W3C home > Mailing lists > Public > public-w3process@w3.org > May 2014

Re: Case for/data about elections

From: Jeff Jaffe <jeff@w3.org>
Date: Mon, 26 May 2014 00:37:24 -0400
Message-ID: <5382C504.9060905@w3.org>
To: Larry Masinter <masinter@adobe.com>, "Nottingham, Mark" <mnotting@akamai.com>, "Michael Champion (MS OPEN TECH)" <Michael.Champion@microsoft.com>
CC: Brian Kardell <bkardell@gmail.com>, Charles McCathie Nevile <chaals@yandex-team.ru>, "public-w3process@w3.org" <public-w3process@w3.org>

On 5/26/2014 12:24 AM, Larry Masinter wrote:
> Let me suggest you take a look at the AB and the TAG selection from a different point of view:
>
> Who would be on your "dream team" of leaders if you could recruit them? Ideally what would you have the TAG and AB do?
> How could you get any of your dream team (or your second choices) to volunteer and commit the time?
>
> The discussion about voting and selection seems to be disconnected from the fundamental gap.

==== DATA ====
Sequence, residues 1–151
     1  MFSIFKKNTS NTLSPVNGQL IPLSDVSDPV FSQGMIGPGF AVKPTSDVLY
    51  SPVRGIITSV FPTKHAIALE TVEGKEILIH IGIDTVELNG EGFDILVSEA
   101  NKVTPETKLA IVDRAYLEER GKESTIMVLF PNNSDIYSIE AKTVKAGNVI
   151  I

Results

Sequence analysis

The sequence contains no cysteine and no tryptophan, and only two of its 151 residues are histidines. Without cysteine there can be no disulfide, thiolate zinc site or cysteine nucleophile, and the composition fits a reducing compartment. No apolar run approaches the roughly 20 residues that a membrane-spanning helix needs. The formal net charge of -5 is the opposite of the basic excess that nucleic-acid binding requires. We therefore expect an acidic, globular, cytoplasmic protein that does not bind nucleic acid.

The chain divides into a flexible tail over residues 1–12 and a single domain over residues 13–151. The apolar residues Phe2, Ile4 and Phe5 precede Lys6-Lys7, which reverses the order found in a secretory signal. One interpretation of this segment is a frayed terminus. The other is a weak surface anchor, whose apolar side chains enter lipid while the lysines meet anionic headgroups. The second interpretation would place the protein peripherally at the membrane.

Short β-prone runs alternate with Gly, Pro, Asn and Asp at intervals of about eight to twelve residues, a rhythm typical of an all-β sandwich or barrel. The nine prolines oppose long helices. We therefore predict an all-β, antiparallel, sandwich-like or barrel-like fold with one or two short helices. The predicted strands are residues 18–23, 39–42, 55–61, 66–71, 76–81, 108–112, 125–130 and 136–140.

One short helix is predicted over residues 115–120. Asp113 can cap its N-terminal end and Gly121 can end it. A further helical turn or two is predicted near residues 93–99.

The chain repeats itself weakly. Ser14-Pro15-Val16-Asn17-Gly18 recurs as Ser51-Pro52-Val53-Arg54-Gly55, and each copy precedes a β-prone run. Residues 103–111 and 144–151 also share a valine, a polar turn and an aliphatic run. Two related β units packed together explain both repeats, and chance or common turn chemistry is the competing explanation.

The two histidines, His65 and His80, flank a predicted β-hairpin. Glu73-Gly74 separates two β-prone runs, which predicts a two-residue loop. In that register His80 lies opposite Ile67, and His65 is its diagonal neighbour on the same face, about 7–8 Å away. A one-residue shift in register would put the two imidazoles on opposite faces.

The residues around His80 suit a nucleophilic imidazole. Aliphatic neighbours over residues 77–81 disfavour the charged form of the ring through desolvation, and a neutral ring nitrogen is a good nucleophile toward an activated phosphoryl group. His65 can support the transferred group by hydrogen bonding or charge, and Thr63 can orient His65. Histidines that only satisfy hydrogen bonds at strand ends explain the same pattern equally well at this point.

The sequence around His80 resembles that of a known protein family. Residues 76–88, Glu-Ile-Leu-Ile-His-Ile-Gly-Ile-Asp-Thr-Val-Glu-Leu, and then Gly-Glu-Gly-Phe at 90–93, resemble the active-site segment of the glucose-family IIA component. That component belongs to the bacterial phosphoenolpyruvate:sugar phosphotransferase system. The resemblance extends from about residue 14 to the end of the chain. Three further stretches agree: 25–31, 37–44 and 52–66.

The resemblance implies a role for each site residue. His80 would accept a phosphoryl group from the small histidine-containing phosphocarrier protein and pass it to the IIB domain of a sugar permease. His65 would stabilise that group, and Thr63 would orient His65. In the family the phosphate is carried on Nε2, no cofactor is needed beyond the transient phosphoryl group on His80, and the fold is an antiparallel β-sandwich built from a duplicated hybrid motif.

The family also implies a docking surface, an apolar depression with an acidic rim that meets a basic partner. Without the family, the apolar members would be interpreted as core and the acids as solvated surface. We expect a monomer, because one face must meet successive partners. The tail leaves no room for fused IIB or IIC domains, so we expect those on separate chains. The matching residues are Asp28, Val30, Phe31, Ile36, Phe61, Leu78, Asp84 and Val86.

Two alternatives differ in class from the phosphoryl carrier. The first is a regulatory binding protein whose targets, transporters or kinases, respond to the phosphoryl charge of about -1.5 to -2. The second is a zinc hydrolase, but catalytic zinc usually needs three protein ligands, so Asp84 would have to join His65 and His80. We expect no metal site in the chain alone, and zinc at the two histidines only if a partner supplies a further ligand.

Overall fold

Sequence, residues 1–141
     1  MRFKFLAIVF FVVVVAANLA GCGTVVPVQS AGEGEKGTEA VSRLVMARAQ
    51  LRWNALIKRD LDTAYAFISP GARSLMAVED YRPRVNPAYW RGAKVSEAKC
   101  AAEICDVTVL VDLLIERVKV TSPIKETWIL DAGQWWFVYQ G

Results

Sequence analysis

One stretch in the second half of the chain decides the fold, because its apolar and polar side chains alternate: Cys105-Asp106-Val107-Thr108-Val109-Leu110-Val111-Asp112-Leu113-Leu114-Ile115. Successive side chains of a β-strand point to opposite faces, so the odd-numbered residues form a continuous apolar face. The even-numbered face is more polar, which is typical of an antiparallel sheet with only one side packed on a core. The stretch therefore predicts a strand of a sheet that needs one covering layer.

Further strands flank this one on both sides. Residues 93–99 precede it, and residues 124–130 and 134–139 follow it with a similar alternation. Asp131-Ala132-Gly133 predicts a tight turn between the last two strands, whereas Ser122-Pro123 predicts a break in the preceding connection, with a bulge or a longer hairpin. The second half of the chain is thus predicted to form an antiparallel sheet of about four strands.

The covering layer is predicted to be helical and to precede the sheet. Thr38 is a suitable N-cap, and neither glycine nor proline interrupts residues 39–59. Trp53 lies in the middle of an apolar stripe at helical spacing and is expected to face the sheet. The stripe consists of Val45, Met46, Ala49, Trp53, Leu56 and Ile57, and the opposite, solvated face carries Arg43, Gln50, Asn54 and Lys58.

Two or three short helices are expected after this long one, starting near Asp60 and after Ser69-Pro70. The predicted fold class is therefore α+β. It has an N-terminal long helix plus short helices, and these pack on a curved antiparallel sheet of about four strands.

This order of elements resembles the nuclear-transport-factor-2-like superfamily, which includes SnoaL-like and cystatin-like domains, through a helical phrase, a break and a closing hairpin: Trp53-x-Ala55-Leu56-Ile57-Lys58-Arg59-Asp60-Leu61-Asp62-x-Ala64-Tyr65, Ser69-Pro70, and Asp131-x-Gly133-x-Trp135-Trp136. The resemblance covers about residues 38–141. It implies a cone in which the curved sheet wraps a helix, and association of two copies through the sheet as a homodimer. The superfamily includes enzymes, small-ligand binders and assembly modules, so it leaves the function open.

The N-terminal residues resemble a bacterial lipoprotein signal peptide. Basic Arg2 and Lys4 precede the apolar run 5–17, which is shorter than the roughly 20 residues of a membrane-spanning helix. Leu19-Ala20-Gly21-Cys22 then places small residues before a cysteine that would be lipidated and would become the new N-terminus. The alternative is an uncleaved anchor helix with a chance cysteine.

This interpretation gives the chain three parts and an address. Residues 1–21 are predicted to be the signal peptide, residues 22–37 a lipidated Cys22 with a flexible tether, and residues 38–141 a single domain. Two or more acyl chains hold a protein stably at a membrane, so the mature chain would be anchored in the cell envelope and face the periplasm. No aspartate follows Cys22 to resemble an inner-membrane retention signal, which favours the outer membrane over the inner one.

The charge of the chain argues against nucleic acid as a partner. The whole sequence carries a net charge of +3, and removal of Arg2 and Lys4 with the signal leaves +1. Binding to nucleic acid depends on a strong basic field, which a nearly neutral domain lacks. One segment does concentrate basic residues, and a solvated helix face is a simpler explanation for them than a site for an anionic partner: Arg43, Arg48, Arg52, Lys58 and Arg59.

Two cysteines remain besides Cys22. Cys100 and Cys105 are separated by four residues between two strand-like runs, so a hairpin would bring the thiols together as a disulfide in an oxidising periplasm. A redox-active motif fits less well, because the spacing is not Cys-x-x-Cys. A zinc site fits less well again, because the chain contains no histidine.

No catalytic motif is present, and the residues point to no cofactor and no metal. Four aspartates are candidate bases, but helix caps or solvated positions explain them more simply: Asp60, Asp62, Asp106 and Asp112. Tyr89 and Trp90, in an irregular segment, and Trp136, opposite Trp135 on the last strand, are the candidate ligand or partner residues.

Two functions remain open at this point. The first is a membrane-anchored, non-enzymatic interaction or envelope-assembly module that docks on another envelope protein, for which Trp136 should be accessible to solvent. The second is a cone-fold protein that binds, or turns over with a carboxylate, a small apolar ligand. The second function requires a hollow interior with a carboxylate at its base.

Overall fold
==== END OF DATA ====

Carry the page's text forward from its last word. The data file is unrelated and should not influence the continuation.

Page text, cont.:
>  From my viewpoint, the web platform is enormously over complicated, fragile and insecure, poorly integrated with other (non-web) Internet applications -- architecturally baroque and getting worse every year. And W3C isn't poised to lead effectively to fix this or even apply back-pressure.

+1 to defining some real problems on this thread.

Also, I'm interested in hearing people's approaches to finding real 
solutions: either from the TAG or the AB or on this thread.  Here are 
some examples, elaborating on Larry's post.

We've been attempting to fight "complicated and fragile" through 
modularity.  Many of the major workgroups (e.g. CSS, WebApps, even now 
HTML) are looking to increase modularity in the hope that it leads to 
clarity.  I don't know if we are doing it well enough or if this is even 
the best approach to fight "complicated and fragile". I invite comments, 
and especially I invite technical approaches to address the problems.

We, like you, have called for increased focus on security [1].  In 
Wendy's blogposts we talked about work we are doing, workshops we have 
created, and the need for more focus.  Are there specific security 
issues that need to be addressed?  One thing we are definitely focused 
on is "security reviews".  Does anyone have suggestions how to get more 
community resources focused on security reviews?

[1] 
http://www.w3.org/blog/2014/02/strengthen-web-security-on-the-day-we-fight-back/

>
> Those are the kinds of problems I'd want them to take on.
>
> Larry
> --
> http://larry.masinter.net
>
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Received on Monday, 26 May 2014 04:37:42 UTC

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